What does the data say? A d3.js exploration.

I recently completed an online class, Data Visualization and Infographics with D3, taught by two great teachers: Alberto Cairo and Scott Murray. I have worked on a few D3 projects from the design side before, but this was my first real foray into doing the code myself. For class exercises, I picked a dataset to work with that I cared about: youth suicides.

Youth Suicides by State - 1999-2013
You can see the interactive graphs I created here.

Clusters of suicides among young people in our community have, understandably, caused much concern. The school my children attend is highly competitive and full of students motivated to do well. One huge concern in the community is that school pressures are a major contributor to these tragic deaths. This has led to many discussions about homework, high expectations, class schedules, parental pressure, and more, with a strong undercurrent among parents and educators of a desperate need to change something.

The message I get from my son (a junior), is that the school is not the problem and the system shouldn't be changed as drastically as some propose. He and many classmates feel like the proposed changes diminish the educational experience and are senseless.

All of this made me want to know if there really was an alarming trend here or not. How does our community compare to others? What does the data say?

I was initially relieved to see that our state and county were below the national average. Suicide data is not reported on the city level, so I tried extrapolating from what was available anecdotally for Palo Alto (a collection of publicly known cases). I was relieved again, until I realized I was extrapolating against the population of the whole city instead of the age-specific population that relates to the data. A more accurate estimate suggests that we are definitely on the high side.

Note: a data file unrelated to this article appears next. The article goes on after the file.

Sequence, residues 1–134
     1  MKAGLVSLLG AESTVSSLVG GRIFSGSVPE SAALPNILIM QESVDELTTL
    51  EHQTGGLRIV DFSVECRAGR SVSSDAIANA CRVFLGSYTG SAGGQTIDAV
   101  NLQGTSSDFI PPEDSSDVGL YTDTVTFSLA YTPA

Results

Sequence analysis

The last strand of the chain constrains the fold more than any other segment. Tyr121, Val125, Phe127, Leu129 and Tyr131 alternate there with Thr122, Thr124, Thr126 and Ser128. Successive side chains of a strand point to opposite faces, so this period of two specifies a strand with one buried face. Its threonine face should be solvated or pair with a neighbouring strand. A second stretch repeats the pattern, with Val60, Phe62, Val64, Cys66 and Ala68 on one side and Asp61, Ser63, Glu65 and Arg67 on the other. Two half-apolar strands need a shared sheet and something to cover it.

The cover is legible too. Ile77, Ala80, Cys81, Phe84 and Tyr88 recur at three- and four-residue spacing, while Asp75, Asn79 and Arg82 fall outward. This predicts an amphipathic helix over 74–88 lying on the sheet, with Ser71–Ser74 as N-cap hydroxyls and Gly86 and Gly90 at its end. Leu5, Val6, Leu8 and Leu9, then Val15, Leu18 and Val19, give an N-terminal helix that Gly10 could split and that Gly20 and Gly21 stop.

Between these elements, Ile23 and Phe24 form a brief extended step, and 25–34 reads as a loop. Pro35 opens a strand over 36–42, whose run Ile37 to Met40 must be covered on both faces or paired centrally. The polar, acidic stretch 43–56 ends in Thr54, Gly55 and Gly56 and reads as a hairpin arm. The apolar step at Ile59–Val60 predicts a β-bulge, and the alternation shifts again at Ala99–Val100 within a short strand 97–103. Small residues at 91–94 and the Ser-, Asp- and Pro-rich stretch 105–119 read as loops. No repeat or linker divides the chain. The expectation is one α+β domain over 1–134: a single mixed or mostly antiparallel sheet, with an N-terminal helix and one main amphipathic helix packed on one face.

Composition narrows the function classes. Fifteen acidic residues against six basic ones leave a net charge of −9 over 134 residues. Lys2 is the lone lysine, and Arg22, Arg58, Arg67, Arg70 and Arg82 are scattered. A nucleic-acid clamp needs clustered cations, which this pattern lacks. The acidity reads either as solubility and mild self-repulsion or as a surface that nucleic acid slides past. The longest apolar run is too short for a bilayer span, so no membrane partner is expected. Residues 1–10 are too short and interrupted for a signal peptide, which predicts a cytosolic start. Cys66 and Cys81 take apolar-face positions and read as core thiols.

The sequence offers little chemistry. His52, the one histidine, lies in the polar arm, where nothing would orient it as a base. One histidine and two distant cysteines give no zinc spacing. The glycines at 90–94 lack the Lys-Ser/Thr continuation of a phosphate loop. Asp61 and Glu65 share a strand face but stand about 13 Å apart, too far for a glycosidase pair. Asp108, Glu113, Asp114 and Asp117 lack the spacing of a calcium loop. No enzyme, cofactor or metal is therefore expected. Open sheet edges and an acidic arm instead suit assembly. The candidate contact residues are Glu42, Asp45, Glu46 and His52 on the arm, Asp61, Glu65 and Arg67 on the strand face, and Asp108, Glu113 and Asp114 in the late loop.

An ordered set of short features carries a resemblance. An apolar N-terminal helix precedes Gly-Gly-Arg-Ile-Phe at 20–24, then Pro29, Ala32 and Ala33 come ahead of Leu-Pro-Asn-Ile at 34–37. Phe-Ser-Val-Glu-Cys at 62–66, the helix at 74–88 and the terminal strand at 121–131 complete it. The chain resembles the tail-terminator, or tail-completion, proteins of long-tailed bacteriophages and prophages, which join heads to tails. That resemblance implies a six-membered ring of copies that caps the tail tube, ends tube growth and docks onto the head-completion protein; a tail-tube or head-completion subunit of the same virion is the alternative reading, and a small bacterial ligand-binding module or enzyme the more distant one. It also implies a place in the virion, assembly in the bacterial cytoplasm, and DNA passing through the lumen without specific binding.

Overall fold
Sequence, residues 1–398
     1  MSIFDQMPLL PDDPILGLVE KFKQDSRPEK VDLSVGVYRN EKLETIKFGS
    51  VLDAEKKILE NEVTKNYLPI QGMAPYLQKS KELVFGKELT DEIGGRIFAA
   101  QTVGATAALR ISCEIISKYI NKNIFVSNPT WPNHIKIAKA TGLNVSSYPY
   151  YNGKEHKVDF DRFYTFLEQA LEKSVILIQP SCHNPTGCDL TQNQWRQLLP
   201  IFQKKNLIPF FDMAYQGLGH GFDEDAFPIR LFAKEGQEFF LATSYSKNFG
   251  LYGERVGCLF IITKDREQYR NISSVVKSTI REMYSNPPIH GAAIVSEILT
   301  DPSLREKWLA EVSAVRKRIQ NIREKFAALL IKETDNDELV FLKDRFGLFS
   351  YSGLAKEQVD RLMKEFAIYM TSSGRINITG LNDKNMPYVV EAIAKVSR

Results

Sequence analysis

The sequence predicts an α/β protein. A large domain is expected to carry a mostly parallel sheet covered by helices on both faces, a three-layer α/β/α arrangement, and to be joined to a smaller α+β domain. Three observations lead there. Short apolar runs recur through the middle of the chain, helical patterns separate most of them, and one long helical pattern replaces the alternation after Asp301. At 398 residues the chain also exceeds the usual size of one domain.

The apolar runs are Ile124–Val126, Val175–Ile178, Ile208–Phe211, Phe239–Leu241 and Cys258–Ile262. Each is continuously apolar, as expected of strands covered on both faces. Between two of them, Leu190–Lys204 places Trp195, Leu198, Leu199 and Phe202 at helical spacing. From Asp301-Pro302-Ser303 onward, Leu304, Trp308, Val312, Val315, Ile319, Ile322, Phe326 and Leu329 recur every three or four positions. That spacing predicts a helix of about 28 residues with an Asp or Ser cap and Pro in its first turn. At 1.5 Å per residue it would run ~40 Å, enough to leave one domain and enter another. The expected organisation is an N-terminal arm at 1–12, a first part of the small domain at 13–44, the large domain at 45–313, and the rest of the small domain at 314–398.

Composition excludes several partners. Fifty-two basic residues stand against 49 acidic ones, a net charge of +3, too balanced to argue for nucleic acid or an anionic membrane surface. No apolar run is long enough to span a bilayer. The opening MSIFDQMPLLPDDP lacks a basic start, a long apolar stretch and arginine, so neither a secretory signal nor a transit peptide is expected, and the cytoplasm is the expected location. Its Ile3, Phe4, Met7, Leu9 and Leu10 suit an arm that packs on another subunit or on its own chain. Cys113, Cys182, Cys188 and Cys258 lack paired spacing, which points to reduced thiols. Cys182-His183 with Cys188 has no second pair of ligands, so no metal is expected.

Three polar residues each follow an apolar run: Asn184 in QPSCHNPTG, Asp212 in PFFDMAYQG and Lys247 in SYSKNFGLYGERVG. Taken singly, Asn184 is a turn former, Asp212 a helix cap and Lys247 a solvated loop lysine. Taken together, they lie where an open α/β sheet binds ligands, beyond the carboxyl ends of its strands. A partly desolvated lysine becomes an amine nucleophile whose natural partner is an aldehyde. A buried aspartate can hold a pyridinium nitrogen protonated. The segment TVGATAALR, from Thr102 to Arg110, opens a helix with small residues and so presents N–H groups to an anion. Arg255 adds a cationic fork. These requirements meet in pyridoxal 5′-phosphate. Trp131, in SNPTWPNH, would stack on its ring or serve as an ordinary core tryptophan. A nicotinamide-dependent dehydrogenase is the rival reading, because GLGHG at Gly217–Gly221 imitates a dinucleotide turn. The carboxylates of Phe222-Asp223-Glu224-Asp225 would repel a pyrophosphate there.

With the small sample size of a single city (or even some of the smaller states), the data gets jittery. Pretty soon you are looking at individual lives - probably helpful if you really want to understand causation, though less helpful for seeing trends. I may need to take a look at three year moving averages to smooth out some of the jitter and see if that clarifies any trends.

My son saw me working on this and encouraged me to pull in the comparisons to national and county data for a clearer picture. When he saw the graph, he said "You have to share this!" - the power of accurate data displayed clearly.

Part of the challenge for the community discussion here is that one suicide is too many, so talking about comparative data can feel cold and dehumanizing. What wouldn't we do to save even one life? The potential problem comes when you change whole systems based on a handful of tragic cases, and then later realize that you damaged the system and didn't solve the problem you thought you were solving. I hear echoes of this challenge in what I have been reading in Daniel Kahneman's book Thinking Fast and Slow regarding loss aversion and the way humans respond to risk.

As with many things, it’s complicated.

This has been a valuable, if painful, discussion in our community, causing us to examine what we really value and how that gets reflected in our education system. I hope some clear data can contribute positively to the conversation.